- fundamentals of set theory
- material set theory
- presentations of set theory
- structuralism in set theory
- class-set theory
- constructive set theory
- algebraic set theory

In material set theory as a foundation of mathematics, the axiom of union is an important axiom needed to get the foundations off the ground (to mix metaphors). It states that unions exist.

The **axiom of union** states the following:

If $\mathcal{X}$ is a (material) set, then there exists a set $U$ such that $a \in U$ whenever $a \in B \in \mathcal{X}$.

Using the axiom of separation (bounded separation is enough), one can prove the existence of a particular set $U$ such that the members of the members of $\mathcal{X}$ are the *only* members of $U$. Using the axiom of extensionality, we can then prove that this set $U$ is unique; it is usually denoted $\bigcup\mathcal{X}$ and called the **union** of (the elements of) $\mathcal{X}$.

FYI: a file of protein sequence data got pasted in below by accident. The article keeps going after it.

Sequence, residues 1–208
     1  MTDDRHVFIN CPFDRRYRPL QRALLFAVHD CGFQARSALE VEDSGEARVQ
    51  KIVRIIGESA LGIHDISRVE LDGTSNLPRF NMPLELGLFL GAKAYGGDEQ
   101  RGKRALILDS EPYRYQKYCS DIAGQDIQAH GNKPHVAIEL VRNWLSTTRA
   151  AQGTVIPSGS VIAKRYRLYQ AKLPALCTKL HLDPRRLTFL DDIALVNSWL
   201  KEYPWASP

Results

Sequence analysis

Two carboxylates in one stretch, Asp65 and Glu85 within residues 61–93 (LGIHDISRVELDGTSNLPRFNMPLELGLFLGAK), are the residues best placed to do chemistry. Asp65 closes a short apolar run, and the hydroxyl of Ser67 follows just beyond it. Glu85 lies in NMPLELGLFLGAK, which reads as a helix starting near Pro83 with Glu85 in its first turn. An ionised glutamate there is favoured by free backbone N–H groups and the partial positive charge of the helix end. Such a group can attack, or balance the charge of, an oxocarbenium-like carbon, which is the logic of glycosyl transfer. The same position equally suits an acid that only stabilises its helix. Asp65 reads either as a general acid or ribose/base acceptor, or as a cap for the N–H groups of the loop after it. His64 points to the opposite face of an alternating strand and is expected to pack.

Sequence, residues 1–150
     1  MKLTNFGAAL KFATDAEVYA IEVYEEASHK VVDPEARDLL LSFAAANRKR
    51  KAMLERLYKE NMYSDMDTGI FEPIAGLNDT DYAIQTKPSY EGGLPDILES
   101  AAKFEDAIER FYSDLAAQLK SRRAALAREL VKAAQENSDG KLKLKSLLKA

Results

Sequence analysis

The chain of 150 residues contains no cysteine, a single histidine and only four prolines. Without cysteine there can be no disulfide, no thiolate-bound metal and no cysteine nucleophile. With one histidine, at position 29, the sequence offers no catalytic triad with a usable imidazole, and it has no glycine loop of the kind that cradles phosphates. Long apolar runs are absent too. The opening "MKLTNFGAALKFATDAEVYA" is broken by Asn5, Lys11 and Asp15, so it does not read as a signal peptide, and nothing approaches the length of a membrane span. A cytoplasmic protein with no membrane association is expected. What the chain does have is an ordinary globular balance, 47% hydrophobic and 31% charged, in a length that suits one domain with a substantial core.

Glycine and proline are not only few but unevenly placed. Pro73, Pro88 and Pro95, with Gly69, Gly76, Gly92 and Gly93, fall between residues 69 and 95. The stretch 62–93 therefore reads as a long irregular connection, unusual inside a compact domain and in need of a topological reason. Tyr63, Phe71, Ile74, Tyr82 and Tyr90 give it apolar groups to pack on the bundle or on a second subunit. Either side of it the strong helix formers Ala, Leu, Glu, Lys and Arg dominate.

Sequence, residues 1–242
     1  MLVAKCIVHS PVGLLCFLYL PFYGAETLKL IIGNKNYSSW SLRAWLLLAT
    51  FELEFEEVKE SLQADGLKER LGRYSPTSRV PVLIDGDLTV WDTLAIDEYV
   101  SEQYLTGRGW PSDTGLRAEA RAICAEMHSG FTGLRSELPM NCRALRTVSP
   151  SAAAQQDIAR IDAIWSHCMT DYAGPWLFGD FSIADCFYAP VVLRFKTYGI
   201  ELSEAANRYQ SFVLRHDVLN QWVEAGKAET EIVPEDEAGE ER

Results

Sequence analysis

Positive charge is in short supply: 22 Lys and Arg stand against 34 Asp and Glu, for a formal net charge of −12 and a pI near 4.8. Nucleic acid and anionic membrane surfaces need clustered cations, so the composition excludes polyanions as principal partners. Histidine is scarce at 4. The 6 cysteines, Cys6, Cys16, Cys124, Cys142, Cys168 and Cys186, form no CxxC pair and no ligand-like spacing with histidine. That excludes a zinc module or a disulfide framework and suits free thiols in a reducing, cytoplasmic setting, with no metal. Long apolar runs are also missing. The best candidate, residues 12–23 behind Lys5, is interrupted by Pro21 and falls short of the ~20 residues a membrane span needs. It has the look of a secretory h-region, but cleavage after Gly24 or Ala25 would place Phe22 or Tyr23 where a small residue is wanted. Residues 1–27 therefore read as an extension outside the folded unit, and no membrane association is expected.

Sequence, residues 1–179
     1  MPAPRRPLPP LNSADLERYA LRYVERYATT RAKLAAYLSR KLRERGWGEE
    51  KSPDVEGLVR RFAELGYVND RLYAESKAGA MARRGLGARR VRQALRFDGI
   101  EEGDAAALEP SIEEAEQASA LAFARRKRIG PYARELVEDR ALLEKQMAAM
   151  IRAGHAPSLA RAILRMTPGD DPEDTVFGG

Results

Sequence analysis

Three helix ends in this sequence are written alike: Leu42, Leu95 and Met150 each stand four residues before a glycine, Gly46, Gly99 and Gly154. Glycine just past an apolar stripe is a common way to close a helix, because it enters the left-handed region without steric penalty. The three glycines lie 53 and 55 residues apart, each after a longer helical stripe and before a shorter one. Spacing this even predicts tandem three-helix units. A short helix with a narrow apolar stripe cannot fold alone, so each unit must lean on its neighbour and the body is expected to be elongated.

A slightly different notation may be used when $\mathcal{X}$ is (Kuratowski)-finite; for example, $\bigcup\{A,B,C\}$ may be denoted $A \cup B \cup C$. If $(B_k \;|\; k \in I)$ is a family of sets, then we may write $\bigcup_{k \in I} B_k$ (and the usual variations for a sequence of sets) for $\bigcup \{B_k \;|\; k \in I\}$; however, we require the axiom of replacement to prove that the latter set (the range of the family) exists in general.

If $\mathcal{X}$ is given as a collection of subsets of some ambient set $S$, then the axiom of union is not necessary; $S$ itself already satisfies the conclusion of the hypothesis (and then bounded separation gives us the union that we want). This is the only case when unions are taken in structural set theory. However, structural set theory makes use of *disjoint unions*, and predicative mathematics requires an axiom giving their existence. (In impredicative mathematics, we can construct disjoint unions from power sets and cartesian products.)

One could also include union structure in the set theory.

category: foundational axiom

Last revised on December 12, 2022 at 13:05:53. See the history of this page for a list of all contributions to it.